2. Take the treat or toy and place it somewhere slightly hidden.
3. Release him from his stay as you say “Find it!” 
4. Allow Fido to search for the treat or toy until he finds it.

Note: If your dog gives up and sits next to you for longer than 30-45 seconds, you can help him by standing closer to the treat or toy, but do not point towards it to help him. The purpose of the game is to get him to use his nose and brain to search for something, which provides mental and physical stimulation and strengthens his independence. 

The nice thing about combining it with his stay is that it is also a practice in impulse control and gets him to use his stay in a new context.

Hide and Seek

I love this game and it is perfect for those of you with children!* You can also use your dog's meal time to play this game, which will tire both your dog and your kids. 

How to play:

Load up your treat pouch with your dog's meal or favorite treats. One person will hold the dog while the other person hides. Make it very easy for your dog at first by not going far. When you're ready, the hidden person will excitedly call the dog and the handler will release him. When he finds you, praise enthusiastically and give him his rewards! Keep repeating until your food rewards are gone. 

*Always supervise play with children.

Water Games

U.S. Air Force photo by Senior Airman  Melanie Hutto

U.S. Air Force photo by Senior Airman Melanie Hutto

Many (not all!) dogs love water. I once had a client whose dog loved taking showers with her! There are many ways to interact with water. If you have a pool or live on a lake, river, or ocean, great! You can swim and play with your pup in the water. Not all dogs are natural born swimmers, so dog life jackets are a good idea.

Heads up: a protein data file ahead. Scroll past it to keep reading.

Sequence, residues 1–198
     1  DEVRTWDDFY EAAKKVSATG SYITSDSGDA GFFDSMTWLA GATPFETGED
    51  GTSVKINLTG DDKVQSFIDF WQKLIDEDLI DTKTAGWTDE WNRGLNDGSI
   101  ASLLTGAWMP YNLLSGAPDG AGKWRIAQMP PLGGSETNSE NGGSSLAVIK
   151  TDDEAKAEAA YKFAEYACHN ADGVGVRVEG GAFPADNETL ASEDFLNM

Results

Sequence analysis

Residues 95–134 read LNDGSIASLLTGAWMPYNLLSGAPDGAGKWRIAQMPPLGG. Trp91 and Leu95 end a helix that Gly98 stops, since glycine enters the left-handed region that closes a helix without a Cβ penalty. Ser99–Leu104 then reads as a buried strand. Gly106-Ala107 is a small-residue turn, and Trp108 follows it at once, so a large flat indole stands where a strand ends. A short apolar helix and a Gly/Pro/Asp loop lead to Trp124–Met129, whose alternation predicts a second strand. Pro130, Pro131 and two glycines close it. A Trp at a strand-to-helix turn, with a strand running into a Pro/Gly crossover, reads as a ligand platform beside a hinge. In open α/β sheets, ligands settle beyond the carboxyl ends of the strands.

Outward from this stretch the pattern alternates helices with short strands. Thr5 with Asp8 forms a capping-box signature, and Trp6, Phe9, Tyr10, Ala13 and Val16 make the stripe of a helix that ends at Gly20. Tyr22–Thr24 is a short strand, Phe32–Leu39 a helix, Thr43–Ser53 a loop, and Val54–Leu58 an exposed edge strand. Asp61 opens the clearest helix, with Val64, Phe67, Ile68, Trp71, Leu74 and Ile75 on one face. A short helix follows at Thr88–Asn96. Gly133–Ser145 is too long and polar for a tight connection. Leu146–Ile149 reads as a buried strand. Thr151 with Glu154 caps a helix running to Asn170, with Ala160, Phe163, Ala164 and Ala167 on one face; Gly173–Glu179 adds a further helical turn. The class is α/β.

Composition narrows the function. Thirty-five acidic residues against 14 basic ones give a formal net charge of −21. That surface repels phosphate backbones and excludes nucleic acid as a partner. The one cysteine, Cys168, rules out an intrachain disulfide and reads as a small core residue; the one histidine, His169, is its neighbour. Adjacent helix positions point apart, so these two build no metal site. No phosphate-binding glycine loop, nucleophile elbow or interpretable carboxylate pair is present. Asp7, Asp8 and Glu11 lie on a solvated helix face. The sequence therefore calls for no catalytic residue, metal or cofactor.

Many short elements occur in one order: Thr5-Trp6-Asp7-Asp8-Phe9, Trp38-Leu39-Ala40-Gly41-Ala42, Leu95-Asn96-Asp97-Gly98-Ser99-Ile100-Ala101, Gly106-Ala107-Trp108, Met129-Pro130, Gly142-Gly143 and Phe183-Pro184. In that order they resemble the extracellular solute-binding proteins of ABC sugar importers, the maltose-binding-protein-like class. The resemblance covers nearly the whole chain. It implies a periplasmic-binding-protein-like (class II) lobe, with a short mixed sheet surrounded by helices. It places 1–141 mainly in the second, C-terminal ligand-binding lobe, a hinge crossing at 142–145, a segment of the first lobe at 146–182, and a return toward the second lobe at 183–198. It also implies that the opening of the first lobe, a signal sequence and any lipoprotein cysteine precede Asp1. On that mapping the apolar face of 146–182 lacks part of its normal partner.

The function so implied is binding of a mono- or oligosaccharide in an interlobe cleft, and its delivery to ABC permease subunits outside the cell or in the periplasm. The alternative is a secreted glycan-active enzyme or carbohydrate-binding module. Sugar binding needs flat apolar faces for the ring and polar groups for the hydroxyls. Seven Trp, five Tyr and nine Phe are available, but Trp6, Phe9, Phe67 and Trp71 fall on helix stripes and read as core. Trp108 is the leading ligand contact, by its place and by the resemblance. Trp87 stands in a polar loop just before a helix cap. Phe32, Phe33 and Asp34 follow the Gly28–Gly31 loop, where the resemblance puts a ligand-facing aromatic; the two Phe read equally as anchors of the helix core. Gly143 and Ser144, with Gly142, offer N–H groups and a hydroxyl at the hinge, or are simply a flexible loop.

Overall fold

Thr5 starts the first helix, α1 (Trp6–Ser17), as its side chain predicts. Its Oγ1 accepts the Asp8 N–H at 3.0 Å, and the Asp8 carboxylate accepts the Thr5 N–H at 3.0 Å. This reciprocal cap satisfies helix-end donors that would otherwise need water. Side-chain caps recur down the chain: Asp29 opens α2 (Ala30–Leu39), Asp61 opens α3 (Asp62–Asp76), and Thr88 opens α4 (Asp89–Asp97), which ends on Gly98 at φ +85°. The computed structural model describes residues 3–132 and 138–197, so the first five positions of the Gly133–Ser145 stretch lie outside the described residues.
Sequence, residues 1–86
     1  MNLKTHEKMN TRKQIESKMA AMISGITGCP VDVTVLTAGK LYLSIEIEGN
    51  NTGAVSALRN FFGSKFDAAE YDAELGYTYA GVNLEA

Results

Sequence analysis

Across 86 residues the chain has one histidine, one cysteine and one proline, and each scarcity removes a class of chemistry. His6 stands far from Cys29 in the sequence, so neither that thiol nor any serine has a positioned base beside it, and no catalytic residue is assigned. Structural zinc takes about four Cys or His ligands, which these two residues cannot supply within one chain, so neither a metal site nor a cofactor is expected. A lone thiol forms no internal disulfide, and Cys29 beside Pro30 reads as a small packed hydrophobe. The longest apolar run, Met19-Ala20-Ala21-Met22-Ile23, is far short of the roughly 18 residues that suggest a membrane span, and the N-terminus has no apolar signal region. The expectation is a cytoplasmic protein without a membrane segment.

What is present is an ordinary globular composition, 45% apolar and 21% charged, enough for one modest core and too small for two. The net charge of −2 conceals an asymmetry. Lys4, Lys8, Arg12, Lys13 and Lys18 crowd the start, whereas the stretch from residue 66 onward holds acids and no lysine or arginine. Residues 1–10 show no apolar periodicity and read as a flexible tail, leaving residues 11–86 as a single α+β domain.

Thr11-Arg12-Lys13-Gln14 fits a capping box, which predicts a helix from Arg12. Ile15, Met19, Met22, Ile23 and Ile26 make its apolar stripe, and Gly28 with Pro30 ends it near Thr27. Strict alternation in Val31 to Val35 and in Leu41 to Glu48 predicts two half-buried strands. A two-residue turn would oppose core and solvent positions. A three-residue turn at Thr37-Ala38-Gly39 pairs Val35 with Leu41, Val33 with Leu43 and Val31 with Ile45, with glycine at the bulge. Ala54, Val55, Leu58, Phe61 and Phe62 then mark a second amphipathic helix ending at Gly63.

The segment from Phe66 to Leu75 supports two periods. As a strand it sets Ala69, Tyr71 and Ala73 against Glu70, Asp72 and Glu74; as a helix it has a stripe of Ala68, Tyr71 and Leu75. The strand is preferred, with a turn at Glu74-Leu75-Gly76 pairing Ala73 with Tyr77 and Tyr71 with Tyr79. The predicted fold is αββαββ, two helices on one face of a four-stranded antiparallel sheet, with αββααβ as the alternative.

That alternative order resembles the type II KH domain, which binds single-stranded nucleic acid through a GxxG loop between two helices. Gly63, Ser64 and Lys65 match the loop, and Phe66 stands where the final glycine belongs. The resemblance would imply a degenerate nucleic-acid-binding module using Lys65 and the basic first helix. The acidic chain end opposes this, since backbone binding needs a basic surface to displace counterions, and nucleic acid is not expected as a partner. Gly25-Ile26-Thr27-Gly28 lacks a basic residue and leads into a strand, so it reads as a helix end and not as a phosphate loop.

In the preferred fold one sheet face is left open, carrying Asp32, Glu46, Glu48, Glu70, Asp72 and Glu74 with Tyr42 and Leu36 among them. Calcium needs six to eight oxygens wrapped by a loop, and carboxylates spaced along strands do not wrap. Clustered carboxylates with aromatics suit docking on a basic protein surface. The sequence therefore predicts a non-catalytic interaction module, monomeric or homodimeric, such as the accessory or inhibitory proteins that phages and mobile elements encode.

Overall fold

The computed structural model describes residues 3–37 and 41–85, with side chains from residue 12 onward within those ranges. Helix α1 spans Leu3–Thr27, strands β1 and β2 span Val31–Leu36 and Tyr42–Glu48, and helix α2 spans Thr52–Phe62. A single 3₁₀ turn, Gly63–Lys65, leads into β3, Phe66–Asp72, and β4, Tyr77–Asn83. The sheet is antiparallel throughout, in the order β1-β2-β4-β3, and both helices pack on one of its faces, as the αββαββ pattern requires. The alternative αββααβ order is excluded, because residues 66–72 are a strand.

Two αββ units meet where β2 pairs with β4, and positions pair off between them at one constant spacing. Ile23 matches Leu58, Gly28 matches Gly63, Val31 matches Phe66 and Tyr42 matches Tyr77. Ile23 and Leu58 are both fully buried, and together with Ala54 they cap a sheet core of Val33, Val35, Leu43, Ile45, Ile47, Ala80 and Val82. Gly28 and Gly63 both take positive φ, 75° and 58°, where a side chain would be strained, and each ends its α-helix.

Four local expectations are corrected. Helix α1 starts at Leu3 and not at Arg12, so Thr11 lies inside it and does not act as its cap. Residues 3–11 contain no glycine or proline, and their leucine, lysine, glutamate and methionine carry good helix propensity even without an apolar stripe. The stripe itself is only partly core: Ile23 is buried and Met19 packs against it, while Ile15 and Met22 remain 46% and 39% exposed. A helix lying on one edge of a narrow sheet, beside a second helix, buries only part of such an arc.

If you do not have easy access to water, buy a foldable pet pool for your yard. Another fun way to interact with your water dog is the hose or sprinkler. Many dogs enjoy chasing moving water. Lastly, bubbles can be loads of fun for both you and your pooch. We love this bubble machine and you can even get flavored bubbles!

Catch Me If You Can

Dogs love to chase and be chased! In your yard or at a park, start by standing in place with your pup. Suddenly, say their name excitedly and run away from them! Most dogs will enthusiastically follow! After a bit of chase, let them catch you, praise and reward with play or their favorite treats. Repeat.

Note: it is always better to have your dog chase you! This will help strengthen their recall and teach them to follow you. If spend most of your time chasing them, you are teaching them to run away from you (not ideal for many reasons)! If you are playing in a park that is not fenced in, it is best to use a long training line so you can ensure your dog's safety.


Photo by  Robin Roemer

Photo by Robin Roemer

Agility is probably the game that is the most effective at building communication and attention. And guess what? You don’t need a full agility course to play agility games! You can use items from your garage, or obstacles that already exist on your normal walking path for example. Agility can do wonders for fearful or reactive dogs as well.